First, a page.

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Statisticians strengthen engagement with global business to improve economic measurement

Businesses have gone increasingly global. Their value chains are often supported by subcontractors from all over the world. The production process is a giant global jigsaw puzzle with all the pieces slotting together only in the final assembly line.

The impact of this globalization of business through multi-national enterprise (MNE) groups presents one of the largest measurement challenges facing producers of economic statistics today.

On 9–12 April more than 100 national accountants gathered in Geneva to address the challenges of measuring the globalized economy.

Communication with MNE groups is key to ensuring high quality statistics. Statisticians increasingly require expertise in accountancy, to be able to understand business accounts and translate the information to statistical concepts. Statisticians must be able to speak a language that businesses understand.

With this common language in place, they then need to engage proactively with MNEs. Statisticians at many national statistical offices and central banks have established teams to collaborate with MNE respondents and help them to respond to statistical surveys. This increases the quality of data gathered and reduces businesses’ reporting burden.

Now statistical authorities are forming a UNECE network of experts on MNE reporting. This network aims to improve the quality and coherence of economic statistics internationally by reconciling data and reducing asymmetries between countries' statistics.

At the UNECE Expert Meeting on National Accounts, The Task Force on Exchange and Sharing of Economic Data presented a vision for data sharing.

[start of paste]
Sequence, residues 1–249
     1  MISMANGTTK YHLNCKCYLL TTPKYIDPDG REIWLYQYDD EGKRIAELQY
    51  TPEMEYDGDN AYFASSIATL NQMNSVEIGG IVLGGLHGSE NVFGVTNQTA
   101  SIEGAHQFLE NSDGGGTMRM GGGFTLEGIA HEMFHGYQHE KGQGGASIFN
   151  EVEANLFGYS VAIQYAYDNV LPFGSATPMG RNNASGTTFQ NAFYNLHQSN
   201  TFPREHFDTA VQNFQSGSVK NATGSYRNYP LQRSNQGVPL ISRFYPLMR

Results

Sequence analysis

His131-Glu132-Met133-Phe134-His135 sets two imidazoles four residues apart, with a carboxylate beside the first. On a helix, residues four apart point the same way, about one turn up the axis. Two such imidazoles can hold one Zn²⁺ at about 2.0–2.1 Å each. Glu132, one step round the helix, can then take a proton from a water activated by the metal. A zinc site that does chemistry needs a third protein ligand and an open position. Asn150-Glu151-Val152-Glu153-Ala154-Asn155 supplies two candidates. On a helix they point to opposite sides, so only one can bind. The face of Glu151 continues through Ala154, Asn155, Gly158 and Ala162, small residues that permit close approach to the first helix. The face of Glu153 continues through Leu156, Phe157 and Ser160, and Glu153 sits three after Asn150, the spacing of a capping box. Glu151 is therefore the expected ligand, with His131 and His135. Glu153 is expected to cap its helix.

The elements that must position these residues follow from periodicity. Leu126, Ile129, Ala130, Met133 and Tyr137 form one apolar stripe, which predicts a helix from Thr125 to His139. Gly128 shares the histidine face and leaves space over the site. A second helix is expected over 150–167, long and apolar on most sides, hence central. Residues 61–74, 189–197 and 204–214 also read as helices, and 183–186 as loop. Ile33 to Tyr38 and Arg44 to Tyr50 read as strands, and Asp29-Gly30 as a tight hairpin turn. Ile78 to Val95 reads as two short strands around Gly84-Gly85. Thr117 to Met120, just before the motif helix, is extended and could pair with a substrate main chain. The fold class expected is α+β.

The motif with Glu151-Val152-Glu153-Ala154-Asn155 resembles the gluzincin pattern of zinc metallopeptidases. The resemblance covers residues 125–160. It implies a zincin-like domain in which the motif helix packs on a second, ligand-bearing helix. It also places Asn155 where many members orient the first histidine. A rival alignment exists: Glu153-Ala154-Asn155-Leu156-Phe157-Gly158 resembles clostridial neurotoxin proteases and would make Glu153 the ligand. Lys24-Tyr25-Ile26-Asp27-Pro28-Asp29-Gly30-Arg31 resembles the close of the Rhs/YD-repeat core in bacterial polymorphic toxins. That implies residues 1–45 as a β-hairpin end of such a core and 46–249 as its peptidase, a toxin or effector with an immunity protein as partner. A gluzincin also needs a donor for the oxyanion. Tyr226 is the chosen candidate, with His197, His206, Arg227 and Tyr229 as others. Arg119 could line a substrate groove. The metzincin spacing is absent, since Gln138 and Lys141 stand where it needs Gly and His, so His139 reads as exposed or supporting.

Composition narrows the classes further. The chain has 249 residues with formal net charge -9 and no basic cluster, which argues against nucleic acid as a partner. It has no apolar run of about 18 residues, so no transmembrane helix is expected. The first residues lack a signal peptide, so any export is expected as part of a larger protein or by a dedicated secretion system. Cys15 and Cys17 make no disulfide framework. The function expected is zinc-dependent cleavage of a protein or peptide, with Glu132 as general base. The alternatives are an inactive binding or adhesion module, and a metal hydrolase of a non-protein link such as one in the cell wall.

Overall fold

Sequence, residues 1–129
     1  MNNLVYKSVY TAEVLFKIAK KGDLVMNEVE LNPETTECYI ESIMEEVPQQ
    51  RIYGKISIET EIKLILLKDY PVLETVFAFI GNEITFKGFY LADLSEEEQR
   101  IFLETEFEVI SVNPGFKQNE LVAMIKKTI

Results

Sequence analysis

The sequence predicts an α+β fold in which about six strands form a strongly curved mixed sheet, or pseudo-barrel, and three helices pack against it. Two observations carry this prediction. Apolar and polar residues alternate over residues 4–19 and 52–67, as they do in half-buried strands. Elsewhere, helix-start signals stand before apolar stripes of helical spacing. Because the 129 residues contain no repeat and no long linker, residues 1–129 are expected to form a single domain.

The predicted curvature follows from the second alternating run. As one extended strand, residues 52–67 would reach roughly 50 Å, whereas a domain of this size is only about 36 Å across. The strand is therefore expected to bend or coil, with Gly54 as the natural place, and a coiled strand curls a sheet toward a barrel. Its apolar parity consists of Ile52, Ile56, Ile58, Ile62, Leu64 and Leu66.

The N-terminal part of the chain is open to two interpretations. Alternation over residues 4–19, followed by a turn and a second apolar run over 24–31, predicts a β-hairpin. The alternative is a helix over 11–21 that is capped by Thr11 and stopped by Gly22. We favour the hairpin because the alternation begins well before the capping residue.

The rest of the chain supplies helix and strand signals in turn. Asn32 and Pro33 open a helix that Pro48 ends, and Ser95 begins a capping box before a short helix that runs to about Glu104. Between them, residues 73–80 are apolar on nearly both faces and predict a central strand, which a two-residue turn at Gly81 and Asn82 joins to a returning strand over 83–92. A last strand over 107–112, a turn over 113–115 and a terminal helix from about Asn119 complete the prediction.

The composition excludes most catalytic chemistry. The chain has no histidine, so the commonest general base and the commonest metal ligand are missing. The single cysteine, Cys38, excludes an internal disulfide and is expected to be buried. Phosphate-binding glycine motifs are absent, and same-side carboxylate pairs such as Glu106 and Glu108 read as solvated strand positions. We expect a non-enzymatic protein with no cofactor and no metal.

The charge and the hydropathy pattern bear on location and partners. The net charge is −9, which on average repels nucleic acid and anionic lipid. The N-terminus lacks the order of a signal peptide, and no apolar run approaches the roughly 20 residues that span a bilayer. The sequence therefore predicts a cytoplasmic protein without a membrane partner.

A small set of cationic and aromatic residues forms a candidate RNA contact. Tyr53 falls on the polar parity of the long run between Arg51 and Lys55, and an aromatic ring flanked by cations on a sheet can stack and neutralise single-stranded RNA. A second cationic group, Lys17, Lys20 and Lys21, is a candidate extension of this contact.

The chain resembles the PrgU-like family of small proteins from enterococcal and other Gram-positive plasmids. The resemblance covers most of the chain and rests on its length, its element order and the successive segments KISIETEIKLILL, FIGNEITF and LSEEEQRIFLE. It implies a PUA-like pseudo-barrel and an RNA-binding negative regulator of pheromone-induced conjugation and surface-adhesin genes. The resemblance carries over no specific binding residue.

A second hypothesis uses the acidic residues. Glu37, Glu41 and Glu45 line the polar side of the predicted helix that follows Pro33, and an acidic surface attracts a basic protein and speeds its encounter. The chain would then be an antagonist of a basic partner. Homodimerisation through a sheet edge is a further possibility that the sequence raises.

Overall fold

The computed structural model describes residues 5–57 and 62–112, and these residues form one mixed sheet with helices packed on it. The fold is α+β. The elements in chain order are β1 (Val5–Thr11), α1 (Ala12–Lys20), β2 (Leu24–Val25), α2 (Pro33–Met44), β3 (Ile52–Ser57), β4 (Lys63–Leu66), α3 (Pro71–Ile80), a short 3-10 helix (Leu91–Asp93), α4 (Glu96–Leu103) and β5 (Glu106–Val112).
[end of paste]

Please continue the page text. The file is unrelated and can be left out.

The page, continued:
Ideally, statistics would be based on globally-reconciled data on MNEs so that official statistics describing the economy could be produced without statistical asymmetries, gaps or double counting. The same data would only be collected once from MNEs for the production of official statistics. Policymakers, businesses and researchers would be able to analyze economic development, changes in globalization and global division of work across countries using internationally-consistent, high quality statistics.

Statisticians are now working to make this vision a reality in the future. The Task Force has prepared recommendations to facilitate progress towards the vision, with Guidance for Data Sharing to be finalized and sent for global consultation before the end of 2019.

The meeting of national accountants also shared recent experience in accounting for global production arrangements, following the Guide to Measuring Global Production developed by UNECE, OECD and Eurostat and a number of countries. The last session discussed digitalization, which has led to a further globalization of economic transactions and the rise of global consumers along with a further increase in global production arrangements. These discussions added weight to the sense of urgency for statisticians to better understand the activities of MNEs, so that they can solve the puzzle and produce relevant and high-quality economic statistics.